As many of you know, we unexpectedly lost our faithful sidekick Emma shortly before Christmas. She was with us for nearly 12 years and was the first friendly face who greeted everyone at The Farm. She was a trustworthy farm dog, a protective friend and a loving soul. It was the toughest event we have endured here by far, and we miss her every day.

Winter was relentless with regular snowfall that fell weekly from January through February. While we are well aware that you guys up North endure far more... We rarely get snow around these parts. It was cold, but even worse, it was windy and wet, which pushed through our uninsulated house easily. Even through our rationing, we still ran out of firewood twice and had to scramble to remedy the issue.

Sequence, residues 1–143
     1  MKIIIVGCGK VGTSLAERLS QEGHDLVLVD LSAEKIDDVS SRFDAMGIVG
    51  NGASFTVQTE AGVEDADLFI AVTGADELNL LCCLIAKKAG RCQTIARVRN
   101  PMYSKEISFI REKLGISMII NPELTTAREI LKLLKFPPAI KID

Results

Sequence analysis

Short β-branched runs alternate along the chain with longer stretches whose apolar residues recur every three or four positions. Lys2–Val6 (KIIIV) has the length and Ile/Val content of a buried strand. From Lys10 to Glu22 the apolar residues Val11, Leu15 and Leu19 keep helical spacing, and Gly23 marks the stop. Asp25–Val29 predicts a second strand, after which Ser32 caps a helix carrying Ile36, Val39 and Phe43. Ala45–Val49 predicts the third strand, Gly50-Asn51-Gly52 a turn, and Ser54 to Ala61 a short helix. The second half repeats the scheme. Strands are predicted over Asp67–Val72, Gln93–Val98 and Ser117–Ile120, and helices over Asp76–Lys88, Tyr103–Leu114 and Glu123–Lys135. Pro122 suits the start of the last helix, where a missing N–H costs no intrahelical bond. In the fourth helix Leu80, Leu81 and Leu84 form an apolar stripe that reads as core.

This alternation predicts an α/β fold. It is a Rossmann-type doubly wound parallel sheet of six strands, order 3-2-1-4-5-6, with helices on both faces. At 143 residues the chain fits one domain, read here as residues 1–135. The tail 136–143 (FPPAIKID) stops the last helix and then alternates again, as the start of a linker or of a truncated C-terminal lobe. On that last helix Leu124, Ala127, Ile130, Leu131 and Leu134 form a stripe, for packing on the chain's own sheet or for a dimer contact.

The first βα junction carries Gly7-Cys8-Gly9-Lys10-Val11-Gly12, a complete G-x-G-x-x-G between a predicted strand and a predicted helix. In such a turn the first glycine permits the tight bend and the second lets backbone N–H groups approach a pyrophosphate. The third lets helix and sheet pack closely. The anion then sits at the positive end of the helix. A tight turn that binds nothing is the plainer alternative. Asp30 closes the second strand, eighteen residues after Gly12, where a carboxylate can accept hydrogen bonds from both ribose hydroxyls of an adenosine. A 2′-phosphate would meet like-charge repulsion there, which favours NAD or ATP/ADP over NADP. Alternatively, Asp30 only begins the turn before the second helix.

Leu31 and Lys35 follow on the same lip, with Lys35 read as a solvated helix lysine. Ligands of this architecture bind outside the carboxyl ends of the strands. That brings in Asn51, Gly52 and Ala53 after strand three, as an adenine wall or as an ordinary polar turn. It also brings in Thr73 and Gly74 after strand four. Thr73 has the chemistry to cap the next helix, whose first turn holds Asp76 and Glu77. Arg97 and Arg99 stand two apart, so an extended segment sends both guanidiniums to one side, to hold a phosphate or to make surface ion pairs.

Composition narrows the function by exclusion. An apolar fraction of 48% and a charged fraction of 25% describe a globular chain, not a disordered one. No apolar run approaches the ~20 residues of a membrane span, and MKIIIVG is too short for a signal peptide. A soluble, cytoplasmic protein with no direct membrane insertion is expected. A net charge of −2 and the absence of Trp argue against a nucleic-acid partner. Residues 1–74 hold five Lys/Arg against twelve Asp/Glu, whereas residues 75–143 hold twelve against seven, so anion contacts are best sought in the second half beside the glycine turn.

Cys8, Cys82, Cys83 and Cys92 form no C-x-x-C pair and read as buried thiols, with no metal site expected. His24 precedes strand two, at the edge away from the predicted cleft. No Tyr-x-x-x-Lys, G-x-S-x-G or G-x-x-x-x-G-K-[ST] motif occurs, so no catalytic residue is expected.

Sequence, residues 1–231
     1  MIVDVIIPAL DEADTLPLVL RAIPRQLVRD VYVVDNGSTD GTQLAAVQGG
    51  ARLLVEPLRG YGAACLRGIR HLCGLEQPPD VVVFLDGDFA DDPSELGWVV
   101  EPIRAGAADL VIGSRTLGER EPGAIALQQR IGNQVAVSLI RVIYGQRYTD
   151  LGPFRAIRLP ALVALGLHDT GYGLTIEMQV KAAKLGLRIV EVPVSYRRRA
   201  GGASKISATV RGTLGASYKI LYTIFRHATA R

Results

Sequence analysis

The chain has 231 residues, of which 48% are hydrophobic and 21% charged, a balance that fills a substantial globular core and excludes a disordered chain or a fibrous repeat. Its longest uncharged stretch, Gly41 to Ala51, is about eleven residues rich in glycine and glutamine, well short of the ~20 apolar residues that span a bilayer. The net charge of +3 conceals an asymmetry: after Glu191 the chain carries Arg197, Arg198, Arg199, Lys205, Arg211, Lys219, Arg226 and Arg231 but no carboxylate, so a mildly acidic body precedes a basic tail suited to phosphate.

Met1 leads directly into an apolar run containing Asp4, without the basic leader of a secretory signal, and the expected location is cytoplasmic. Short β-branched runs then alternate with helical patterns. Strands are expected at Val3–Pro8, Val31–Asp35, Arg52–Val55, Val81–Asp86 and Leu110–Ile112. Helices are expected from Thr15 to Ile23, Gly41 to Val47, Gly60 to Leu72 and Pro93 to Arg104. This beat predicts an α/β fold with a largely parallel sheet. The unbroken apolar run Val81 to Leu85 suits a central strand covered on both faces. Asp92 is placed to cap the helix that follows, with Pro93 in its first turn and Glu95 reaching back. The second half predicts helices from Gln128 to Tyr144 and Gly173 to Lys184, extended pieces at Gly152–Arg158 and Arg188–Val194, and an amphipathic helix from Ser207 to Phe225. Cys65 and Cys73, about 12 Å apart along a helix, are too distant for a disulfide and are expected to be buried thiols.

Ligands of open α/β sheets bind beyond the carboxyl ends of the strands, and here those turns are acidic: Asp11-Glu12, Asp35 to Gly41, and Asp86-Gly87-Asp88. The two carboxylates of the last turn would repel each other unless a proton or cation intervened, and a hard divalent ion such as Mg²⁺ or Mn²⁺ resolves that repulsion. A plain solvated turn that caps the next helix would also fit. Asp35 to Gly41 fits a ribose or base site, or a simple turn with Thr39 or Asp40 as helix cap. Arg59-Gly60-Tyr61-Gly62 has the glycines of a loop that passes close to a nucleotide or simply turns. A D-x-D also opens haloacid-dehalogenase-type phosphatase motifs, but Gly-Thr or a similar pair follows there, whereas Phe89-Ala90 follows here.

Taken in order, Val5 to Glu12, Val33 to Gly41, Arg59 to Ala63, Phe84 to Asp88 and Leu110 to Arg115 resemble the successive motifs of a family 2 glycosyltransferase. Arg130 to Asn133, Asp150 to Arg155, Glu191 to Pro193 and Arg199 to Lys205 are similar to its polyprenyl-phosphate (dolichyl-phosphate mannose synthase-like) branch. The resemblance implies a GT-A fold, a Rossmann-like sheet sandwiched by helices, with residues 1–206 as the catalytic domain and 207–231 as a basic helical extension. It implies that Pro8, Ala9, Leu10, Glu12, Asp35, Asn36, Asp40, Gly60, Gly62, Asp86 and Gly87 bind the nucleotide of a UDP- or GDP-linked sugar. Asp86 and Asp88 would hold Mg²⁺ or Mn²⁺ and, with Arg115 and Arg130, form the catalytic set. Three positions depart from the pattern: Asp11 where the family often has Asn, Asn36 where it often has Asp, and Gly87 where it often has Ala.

After tragically losing Emma, we were given an unexpected opportunity by a family who had heard our story. In January, a German Shepherd puppy was donated to our farm. We didn't know if we were ready for another dog, but we both decided that sometimes things just happen that way. We named him Seife, which is German for soap, and he has become the center of our world.

We avoided the incubator this year and decided to let our Silkie hens hatch a couple rounds of chicks for us in late winter. Of course they loved their job of being mamas, and we enjoyed not having to clean the brooders several times a day. 

After ten years of being here, we finally hired someone to help us on a regular basis with things around The Farm. So a shout out to Willis! And thank you for everything you do!

We had another successful kidding season with our goats, except for the fact that they had all boys this year. Oh well! At least they were healthy. We sold them all as soon as they were weaned. We are keeping our fingers crossed for girls next year.